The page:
In the sensitivity analysis of hair product use and age at menarche, where menarche was modeled continuously, we observed a non-significant inverse relationship, suggesting childhood hair product use was associated with earlier age at menarche (childhood any hair product use β -0.3, 95% CI -0.8, 0.1; hair oil β -0.2, 95% CI -0.7, 0.2; and other products β -0.3, 95% CI -0.9, 0.2). In an additional sensitivity analysis where we adjusted for age at interview and cohort, associations between childhood hair product use (ever use, hair oil use, and other use) and categorical age at menarche (i.e. before age 11 v. at or after age 11 years) were stronger when we limited analyses to women under 50 years of age (all models P < 0.05) or restricted to those who were not postmenopausal (all models P < 0.05). In these latter sensitivity analyses, sample size restricted our ability to adjust for race/ethnicity, as only non-Hispanic black women remained in the models when restricting to younger women (data not shown).
There was no association between childhood hair product use and mammographic breast density measures (Table 3). There was a statistically significant association between other adult hair product use and mammographic percent density and dense area after adjusting for age at interview, BMI, and cohort (Table 3). Estimates did not change with additional adjustment for race/ethnicity (data not shown). Upon examination of individual hair products, adult hair dye use was associated with a slight increase in percent mammographic density (β 0.4, 95% CI 0.1, 0.6) and dense area (β 0.3, 95% CI 0.03, 0.5). Findings were similar when limited to women under age 50.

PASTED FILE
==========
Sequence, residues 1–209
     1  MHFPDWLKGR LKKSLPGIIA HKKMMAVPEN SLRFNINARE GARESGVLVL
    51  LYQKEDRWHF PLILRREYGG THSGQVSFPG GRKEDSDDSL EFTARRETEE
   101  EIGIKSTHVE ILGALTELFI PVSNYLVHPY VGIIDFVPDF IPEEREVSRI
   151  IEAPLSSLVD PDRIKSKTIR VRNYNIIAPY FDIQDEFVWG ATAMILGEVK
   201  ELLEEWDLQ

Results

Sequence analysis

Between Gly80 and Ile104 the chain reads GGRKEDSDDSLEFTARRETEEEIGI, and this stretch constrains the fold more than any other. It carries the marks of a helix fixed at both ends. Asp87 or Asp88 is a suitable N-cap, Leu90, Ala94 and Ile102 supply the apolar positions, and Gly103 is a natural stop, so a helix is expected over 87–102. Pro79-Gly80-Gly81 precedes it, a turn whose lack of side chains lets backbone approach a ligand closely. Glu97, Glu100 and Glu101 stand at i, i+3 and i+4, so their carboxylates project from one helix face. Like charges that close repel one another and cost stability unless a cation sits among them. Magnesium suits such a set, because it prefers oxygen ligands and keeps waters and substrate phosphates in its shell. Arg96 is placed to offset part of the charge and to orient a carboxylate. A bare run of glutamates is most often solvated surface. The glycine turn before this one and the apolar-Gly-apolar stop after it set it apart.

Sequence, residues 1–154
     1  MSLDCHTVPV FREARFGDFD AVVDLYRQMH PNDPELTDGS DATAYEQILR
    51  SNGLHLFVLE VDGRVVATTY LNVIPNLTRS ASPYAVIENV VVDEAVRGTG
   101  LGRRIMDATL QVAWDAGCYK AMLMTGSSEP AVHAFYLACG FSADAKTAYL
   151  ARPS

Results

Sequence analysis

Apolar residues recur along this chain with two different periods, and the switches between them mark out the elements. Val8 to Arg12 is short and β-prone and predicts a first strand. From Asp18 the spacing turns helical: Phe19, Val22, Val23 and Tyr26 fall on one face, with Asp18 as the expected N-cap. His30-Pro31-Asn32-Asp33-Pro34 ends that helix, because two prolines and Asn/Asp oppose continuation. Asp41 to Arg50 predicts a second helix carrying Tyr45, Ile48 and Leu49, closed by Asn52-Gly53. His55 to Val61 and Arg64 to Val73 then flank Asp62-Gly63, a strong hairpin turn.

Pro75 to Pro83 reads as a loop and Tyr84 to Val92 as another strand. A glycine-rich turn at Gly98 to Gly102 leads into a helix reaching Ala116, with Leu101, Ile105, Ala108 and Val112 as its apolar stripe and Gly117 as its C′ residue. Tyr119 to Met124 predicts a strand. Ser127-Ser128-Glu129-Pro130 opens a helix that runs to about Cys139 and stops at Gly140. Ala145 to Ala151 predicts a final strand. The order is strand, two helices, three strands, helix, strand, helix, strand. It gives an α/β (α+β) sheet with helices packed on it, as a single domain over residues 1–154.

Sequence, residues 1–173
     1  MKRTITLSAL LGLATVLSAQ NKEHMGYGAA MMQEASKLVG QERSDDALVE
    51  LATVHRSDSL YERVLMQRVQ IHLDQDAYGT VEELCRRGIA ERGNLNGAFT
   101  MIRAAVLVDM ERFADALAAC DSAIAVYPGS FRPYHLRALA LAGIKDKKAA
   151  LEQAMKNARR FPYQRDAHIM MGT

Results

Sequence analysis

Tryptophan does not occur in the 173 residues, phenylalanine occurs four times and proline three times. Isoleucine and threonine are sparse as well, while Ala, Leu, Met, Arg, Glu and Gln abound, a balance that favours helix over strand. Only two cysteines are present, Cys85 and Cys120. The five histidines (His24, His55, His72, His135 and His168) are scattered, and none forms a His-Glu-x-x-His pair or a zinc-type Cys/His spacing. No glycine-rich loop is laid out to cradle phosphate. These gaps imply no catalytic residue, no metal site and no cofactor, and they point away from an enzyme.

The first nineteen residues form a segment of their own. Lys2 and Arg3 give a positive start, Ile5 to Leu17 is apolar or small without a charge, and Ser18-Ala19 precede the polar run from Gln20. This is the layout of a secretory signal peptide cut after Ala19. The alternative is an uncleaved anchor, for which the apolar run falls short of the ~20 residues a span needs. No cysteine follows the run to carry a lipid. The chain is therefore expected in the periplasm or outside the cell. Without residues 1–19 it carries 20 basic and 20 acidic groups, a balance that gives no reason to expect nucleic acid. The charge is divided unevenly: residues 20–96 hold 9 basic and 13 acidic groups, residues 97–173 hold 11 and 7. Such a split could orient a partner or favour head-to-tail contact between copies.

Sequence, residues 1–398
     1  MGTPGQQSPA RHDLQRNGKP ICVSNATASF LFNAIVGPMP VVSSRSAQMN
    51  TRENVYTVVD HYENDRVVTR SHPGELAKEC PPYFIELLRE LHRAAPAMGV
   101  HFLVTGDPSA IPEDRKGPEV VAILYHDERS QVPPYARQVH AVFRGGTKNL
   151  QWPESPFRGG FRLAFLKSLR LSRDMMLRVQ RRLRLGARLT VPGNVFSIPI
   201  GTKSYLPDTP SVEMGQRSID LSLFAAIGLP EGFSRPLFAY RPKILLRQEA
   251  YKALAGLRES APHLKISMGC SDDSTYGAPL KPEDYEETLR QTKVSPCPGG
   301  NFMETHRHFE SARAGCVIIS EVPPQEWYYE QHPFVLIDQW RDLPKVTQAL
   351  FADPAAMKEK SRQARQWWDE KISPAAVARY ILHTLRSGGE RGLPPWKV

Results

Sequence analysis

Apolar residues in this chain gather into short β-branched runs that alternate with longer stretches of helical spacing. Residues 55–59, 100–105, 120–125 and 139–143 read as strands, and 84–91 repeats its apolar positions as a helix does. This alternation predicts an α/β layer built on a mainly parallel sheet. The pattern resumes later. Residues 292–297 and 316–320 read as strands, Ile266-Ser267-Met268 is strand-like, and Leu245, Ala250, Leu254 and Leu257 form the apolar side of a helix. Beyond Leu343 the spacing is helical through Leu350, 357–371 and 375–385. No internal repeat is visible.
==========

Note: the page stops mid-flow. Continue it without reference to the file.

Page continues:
After adjusting for confounders, there were no associations between duration of hair oil use in childhood and age at menarche (RR 1.0, 95% CI 0.8, 1.3) or between the duration of hair oil use in adulthood and mammographic breast density (percent density β 0.02, 95% CI -0.01, 0.05; dense area β 0.02, 95% CI -0.01, 0.05).
In the present study, we found that childhood hair product use was associated with earlier age at menarche, which is consistent with the existing literature [16, 19, 20]. Tiwary and colleagues were among the first to observe the use of topical applications of hair products during childhood in association with premature pubertal development (i.e., breast and pubic hair development) in African American girls . Similarly, in the Greater New York Hair Products Study, we found that compared to other racial/ethnic groups, African American girls’ use of hair oils and use of perms/relaxers were independently associated with earlier age at menarche . The evidence for the association of childhood hair product use and earlier menarche is further strengthened by in vitro proliferation assays that have found a brand of oil hair lotion, commonly used among black women, was associated with higher estrogenic activity .